I made this fake DVD cover as a thought experiment. Like Magritte's non-pipe, this object could not, and will not exist. This is one Monte Hellman film that will never get the "Criterion treatment." Some reviews of the film from internet sources (below) suggest why. A "real" DVD cover (or poster, or something, also found on the internet) is at the bottom of the post.
Frank Mansfield (Warren Oates) is one of the most respected "handlers" on the cockfighting circuit. He loses an impromptu match against his rival Burke (Harry Dean Stanton) and thus puts himself out of the running for the coveted "Cockfighter of the Year" award. He rightfully blames the incident on his big mouth and vows not to say a word until he's won the prize. Not to his family, his partner, or even his girl.
As in the earlier Two-Lane Blacktop, Monte Hellman takes a long look at people competing at the fringes of society, misfit drifters trying to prove themselves -- and make a buck -- in an edgy niche. Frank and his associates are participating in a cowardly, brutal, sadistic "sport" where their only concerns are the odds and the payoff. Frank gets by quite well without his voice because he has little to say that doesn't involve negotiating the terms of a fight. He's an unusual subject for a character study, as he seems to lack much character. And yet, Oates turns in an excellent facial and physical performance that conveys Frank's thoughts, and manages to imbue him with a shred (just a shred, mind you) of something resembling humanity.
The fights are pretty visceral and the film doesn't flinch. I was prepared to be disturbed and offended, but hell, I had chicken strips for dinner last night. I couldn't work up enough hypocrisy to get too worked up by it. [Nestor] Almendros also films them with a hypnotic beauty, abstract flurries of beaks and feathers and blood.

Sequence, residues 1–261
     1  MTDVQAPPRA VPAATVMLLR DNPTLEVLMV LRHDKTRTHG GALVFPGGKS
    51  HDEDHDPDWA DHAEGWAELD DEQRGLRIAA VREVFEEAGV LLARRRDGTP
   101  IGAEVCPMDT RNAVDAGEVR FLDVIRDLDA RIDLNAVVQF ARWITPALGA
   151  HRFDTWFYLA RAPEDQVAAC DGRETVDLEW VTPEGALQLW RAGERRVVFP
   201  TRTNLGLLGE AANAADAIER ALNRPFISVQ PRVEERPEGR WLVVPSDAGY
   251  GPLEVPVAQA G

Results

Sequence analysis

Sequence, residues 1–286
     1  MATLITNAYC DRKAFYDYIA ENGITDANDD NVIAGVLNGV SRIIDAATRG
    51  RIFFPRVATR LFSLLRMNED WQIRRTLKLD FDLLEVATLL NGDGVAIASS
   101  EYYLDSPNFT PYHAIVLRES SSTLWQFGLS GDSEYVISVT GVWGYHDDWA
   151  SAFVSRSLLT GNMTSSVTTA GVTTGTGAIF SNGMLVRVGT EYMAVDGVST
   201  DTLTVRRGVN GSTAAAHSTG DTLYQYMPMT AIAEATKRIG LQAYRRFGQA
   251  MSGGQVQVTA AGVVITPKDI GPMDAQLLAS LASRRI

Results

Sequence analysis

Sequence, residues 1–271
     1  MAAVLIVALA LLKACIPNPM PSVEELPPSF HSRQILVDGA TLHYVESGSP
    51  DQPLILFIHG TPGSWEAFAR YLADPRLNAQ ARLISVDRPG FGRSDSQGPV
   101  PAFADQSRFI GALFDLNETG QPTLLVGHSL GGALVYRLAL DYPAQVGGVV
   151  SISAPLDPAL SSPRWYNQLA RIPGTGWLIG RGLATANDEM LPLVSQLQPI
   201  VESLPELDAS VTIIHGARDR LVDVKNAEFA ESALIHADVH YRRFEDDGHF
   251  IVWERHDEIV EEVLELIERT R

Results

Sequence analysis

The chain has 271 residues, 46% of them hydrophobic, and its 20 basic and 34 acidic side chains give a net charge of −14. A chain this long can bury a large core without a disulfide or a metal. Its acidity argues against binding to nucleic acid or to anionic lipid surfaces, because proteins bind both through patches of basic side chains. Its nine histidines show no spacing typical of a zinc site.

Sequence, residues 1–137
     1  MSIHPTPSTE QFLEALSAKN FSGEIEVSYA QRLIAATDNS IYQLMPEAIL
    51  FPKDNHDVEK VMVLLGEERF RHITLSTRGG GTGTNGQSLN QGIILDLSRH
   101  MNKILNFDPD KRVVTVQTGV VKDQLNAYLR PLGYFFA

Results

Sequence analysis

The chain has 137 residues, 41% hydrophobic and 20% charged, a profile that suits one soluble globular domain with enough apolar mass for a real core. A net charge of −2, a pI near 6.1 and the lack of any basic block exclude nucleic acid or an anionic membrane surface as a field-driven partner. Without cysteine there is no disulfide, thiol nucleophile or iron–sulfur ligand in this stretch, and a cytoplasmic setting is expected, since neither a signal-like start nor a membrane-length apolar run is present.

On the whole I prefer Two-Lane Blacktop, but as a single performance, this is the best I've seen from Oates. Although you occasionally get to hear him in voiceover or flashback, for the most part he plays it silent, and does so very effectively. His gestures communicate to the other characters, and his eyes communicate to the audience. I also really enjoyed Richard Shull as Frank's partner, a fun and glib character who provides some of the film's lighter moments. As I've said before, Stanton doesn't do much for me but he's okay here.
This was a tricky movie for me. For a large part of it I had kind of a blasé "so what?" attitude about it, and then it dawned on me that I was actually enjoying it. It gradually grew on me to the point where I was really invested in seeing what this offbeat -- and largely unsympathetic -- character would get into.
Cockfighter is an extraordinary film from more than just one viewpoint. Charles Willeford‘s authentic script and Hellman‘s carefully researched preparations catapult you straight back to the gloomiest regions of the contemporary America’s deep south, where sleazy Georgia locals gather around, cheering and money-waiving, to witness two animals fight to the death. It’s basically a repulsive topic, and also one of the main reasons why the film was a tremendous box office flop at the time, but only through actually making the effort of watching Cockfighter, you will notice the film does not primarily thrive on animal cruelty and clandestine sports. Cockfighter depicts the story of one man’s obsession and how he will stop at nothing to accomplish a pre-determined goal. Frank Mansfield is a natural born cock-fighter. Throughout all of his life, he trained cocks and was considered the best in business. A couple of years earlier, he became overly haughty and lost his biggest prize fighter over a stupid and meaningless bet. Since then, Frank took a vow of complete silence and dedicates his entire existence to the training of new cocks so that he will eventually regain the medal of best cock-fighter. His obsession slowly costs him everything, including the house where his brother lives, his old friends and even the love and respect of the one woman he cares about.